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Tuscarora School District taxpayers facing possible tax hike

April 22, 2002|BY RICHARD F. BELISLE

waynesboro@herald-mail.com

MERCERSBURG, Pa. - The owner of an average home in the Tuscarora School District could be facing another $60 a year in school taxes if the local school board adopts a budget that calls for a 4.5-mill increase in taxes, the schools superintendent said recently.

"It will take some more work before we finally know where we are," Superintendent William Konzal said.

The district runs on an annual budget of about $22 million.

Each mill, which represents $1 for every $1,000 of assessed property value, brings in about $114,000 to the district. The current tax rate is 68.8 mills, said Richard Lipella, business manager for the district.

The reasons for the increase are a cutback in the amount of state aid coming to the districts and an increase in the amount districts must put in toward the state's retirement system, officials said.

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Lipella said one half of the proposed tax hike is due to increases approved by the state legislature last year in the state's pension plan, for teachers as well as state workers. The increases prompted more employees to retire. That, coupled with a loss in interest that helps to support the system due to the sagging economy, is forcing school districts to contribute more from their local budgets.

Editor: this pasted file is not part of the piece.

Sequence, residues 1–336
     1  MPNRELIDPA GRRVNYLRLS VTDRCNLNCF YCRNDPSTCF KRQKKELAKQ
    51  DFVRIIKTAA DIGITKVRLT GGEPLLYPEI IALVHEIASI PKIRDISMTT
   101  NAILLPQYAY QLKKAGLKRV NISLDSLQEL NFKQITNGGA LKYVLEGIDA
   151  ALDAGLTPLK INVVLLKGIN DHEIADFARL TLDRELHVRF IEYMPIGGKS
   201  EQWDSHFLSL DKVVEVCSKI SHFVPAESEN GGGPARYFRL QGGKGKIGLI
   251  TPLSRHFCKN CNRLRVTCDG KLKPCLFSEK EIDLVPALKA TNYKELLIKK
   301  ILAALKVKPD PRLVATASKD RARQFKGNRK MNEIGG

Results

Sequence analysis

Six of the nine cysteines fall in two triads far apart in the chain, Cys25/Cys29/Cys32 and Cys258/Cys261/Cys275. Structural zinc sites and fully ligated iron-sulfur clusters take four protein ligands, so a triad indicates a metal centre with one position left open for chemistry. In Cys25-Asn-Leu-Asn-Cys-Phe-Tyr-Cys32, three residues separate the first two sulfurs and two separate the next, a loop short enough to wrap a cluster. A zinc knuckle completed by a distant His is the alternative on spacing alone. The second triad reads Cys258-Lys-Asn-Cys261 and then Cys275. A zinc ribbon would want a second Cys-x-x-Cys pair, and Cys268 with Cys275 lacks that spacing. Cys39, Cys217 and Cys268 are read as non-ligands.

The district will have to pay about $300,000 into the retirement fund next year, he said.

In addition, the state cut back on the amount of financial aid it gives school districts.

"For the last seven years, the state gave us an amount above what they gave the year before. Last year we received $250,000 less," Lipella said.

Added together, the losses represent what local taxpayers will have to make up, he said.

"It's out of control. We have no other alternative but to raise taxes," Lipella said.

The district is using some of its budget reserve to balance this year's budget. That will leave the district with a reserve entering the coming fiscal year of about $2.1 million.

"That's about one month's worth of expenses," Lipella said.

Lipella said the last time the Tuscarora School District raised taxes was for the 1999-2000 fiscal year.

The Tuscarora School District has 183 faculty members and 2,650 students in six schools, including four elementary schools, a middle school and a high school.

Pennsylvania law requires that school districts adopt their budgets by June 30.

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